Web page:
This morning, the publishing industry surprised the world by releasing a new, unexpected companion volume to last week’s sixth installment of J.K. Rowling’s hugely successful Harry Potter series. As word of the new release spread like wildfire, crowds of frenzied children and teenagers began thronging at the doors of hundreds of local bookstores in the United States and U.K., hoping to be among the first to receive their own copy of a book bearing the title: Harry Potter and the Lavender Brigade.
Harry Potter and the Lavender Brigade continues to perpetuate all the sorceries, incantations, and spells which have delighted children around the world. But this installment of Harry Potter introduces a new theme — homosexuality. In Harry Potter and the Lavender Brigade, we discover that the Hogwarts School of Witchcraft and Wizardry is expanding its curriculum base to provide mandatory training in homosexuality for all of its recruits. Harry discovered in Book One that he was born with witchcraft in his blood. Now, recent discoveries show that the same students born with the gift of magic also possess a genetic predisposition toward homosexuality. With this in mind, the goal of Hogwarts is to teach its students the proper and moral way to be homosexual witches. Students must learn about safety, monogamy, and even social etiquette. But the race is on. A second witch training academy run by evil witches has also discovered their own homosexual predispositions. Unlike Hogwarts, they intend to use their homosexuality for evil. They teach their students evils like sexual promiscuity. They openly encourage pedophilia. It is the mission of Harry and his intrepid gang of sodomite warlocks and lesbian witches (dubbed “The Lavender Brigade”) to once again stop the menace of bad witches.
No Cause for Concern
Perhaps some Christians have concerns about children’s literature in which homosexuality is both a defining characteristic of the protagonists and a thematic element which runs from beginning to the end of the novel.
Relax. Don’t be so uptight. Don’t worry, Christian parents. Harry Potter is not the real world! It is an imaginary world. Children know the difference between the two. They are not going to start dressing up like their heroes or pretending to do the same things their heroes do in the stories. After all, it is just a pretend story. Thoughtful Christian critics will recognize that the author has created an alternative reality with a completely different set of rules. Sodomy may be wrong in the real world, but it is not wrong in Harry Potter’s reality, and it would be sophomoric to think that, just because the book is one long story about the glories of good homosexuality in the world of Harry Potter, that it desensitizes children to the problems with homosexuality in the real world. We should be ashamed of any Christians who would claim the author is promoting perversion. She makes strong distinctions between good homosexuality and bad homosexuality. Bad homosexuality is always presented as really bad.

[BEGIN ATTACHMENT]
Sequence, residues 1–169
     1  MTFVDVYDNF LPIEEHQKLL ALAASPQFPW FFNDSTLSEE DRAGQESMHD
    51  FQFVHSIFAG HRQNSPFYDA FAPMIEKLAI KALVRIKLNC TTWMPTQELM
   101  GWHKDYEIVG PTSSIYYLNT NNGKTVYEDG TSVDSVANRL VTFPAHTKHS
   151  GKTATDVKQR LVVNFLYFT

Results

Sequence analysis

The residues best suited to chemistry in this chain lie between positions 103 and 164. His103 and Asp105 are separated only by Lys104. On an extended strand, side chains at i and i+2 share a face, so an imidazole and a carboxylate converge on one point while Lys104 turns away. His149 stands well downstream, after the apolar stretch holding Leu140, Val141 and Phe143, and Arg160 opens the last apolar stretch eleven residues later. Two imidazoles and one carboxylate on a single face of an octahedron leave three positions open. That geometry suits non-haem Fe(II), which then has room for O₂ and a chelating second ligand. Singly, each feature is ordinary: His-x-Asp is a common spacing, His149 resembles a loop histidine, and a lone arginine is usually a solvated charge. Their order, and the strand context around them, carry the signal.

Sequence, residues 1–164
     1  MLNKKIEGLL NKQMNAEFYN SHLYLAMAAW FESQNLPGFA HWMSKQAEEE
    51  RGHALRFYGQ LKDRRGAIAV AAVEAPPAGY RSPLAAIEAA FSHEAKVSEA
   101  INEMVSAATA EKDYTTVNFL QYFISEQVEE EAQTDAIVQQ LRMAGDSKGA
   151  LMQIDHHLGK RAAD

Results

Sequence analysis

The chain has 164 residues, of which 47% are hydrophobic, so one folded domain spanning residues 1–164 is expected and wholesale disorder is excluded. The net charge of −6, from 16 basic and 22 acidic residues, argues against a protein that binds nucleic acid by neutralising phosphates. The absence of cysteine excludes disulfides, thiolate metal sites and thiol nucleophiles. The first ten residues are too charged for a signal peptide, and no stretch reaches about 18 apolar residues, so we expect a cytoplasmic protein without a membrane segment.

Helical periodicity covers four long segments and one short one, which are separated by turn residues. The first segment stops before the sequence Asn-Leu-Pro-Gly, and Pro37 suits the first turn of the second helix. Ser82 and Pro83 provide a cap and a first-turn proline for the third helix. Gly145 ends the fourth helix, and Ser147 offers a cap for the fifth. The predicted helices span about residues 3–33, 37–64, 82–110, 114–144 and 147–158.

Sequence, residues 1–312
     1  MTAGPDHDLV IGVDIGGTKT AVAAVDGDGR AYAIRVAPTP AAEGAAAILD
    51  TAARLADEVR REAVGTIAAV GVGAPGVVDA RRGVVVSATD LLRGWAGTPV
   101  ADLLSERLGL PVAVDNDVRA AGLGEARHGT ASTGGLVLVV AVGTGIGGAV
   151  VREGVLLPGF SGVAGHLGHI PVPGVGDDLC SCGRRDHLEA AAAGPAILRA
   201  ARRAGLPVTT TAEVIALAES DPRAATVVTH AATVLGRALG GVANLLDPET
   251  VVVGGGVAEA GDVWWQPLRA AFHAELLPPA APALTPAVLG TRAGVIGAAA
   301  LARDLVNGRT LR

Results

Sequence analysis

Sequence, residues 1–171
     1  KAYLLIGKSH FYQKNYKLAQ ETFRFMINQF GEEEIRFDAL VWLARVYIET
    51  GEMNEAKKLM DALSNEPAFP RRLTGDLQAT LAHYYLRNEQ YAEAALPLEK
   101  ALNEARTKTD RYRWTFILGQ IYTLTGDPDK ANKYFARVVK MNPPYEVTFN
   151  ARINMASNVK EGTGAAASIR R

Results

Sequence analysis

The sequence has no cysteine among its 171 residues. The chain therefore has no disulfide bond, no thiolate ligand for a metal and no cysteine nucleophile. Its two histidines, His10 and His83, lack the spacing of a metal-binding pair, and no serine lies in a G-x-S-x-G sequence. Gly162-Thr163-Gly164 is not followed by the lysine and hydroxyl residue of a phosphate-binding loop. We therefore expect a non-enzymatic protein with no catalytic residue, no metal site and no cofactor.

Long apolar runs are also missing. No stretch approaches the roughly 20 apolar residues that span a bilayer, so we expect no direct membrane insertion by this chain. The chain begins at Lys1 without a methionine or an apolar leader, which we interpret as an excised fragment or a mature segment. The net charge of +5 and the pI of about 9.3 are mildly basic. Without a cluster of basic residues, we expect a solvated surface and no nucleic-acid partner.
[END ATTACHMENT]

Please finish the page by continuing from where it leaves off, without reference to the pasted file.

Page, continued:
And here is the clincher: Harry Potter and the Lavender Brigade is a brilliant, well-written adventure that includes all the great themes of classic literature — the creation of an alternative reality where different rules apply, a carefully-executed plot, and clear elements of good versus evil. The story presents the beauty of creation and the appalling reality of evil. (Keep in mind that all truth is God’s truth.) There is even a strong redemption theme in the story as the leader of the pro-pedophilia group realizes the wrongness of his ways and joins the good sodomites of Hogwarts. In the end, good sodomites triumph over bad sodomites and order is restored to the alternative universe.
Okay, so there is no Harry Potter and the Lavender Brigade. I made it up.
What I have not made up is the fact that Pottermania has engulfed the youth of a generation, setting an unprecedented frenzy of sales of the recent installment, Harry Potter and the Half Blood Prince. Within the first twenty-four hours of its release, nearly seven million copies were sold in the United States alone. Assuming a 9:00 a.m. to 9:00 p.m. sales schedule, that means they averaged nearly 600,000 copies an hour.
Also not made up is the fact that there are growing numbers of intelligent, reasonable, Christian teachers and scholars — some are friends whom I dearly love and respect — who are on record as giving their blessing to Harry Potter and supporting the inclusion of Harry Potter books as a healthy, positive part of the literary diet of Christian children. I disagree with them for many reasons, but it is the limited purpose of this article to focus in on and address what I see as their root argument.
My question is: If we may bend God’s moral laws in fantasy realities, then why is “Harry the Hero-Witch” okay for our children, but “Harry the Hero-Homosexual” not? Both witchcraft and perversion are deemed “works of the flesh” and “abominations” in Scripture. Both are immoral acts for which the practitioner stands condemned. Why would one be cute, fun, appealing, and — most importantly — legitimate in a fantasy reality, and the other unacceptable?
The character of God is challenged when we posit alternative realities which redefine the moral law order of God to allow men to delight in that which would be deemed wickedness in the real world. Creating worlds of good witchcraft versus bad witchcraft is a prime example of the problem. No such world can exist — anywhere — not even in our own imagination, without redefining the nature and attributes of God Himself. The essence of witchcraft and the desire to employ the tools of witchcraft are an assault on the Lordship and sovereignty of God. By virtue of the fact that Harry and his friends are “good guys” in pursuit of the very powers reserved to God Himself in the real world, the god of Harry Potter’s universe is, ispo facto, a different god than the God of our universe.
And no one need ask, “What Would Jesus Do?” in the real world to Harry and his friends, because the Bible answers the question with deafening specificity:
"But the cowardly, unbelieving, abominable, murderers, sexually immoral, sorcerers, idolaters, and all liars shall have their part in the lake which burns with fire and brimstone, which is the second death." (Revelation 21:8)
Doug Phillips is the president of Vision Forum Ministries, the founder of the San Antonio Independent Christian Film Festival, and a faculty member of the Christian Filmmakers Academy, dedicated to bringing a presuppositionally biblical approach to film and culture.
I finally figured out how to display raw HTML code on the blog for all to see.
If you want to link to me, copy the code in the box below and paste it into your template. If you accidentally erase the code, just hit "Refresh" on your browser.
You can resize the "height" and "width" numbers proportionately if you don't like the size. The source image is nearly a thousand pixels wide, so you won't have any trouble with resolution.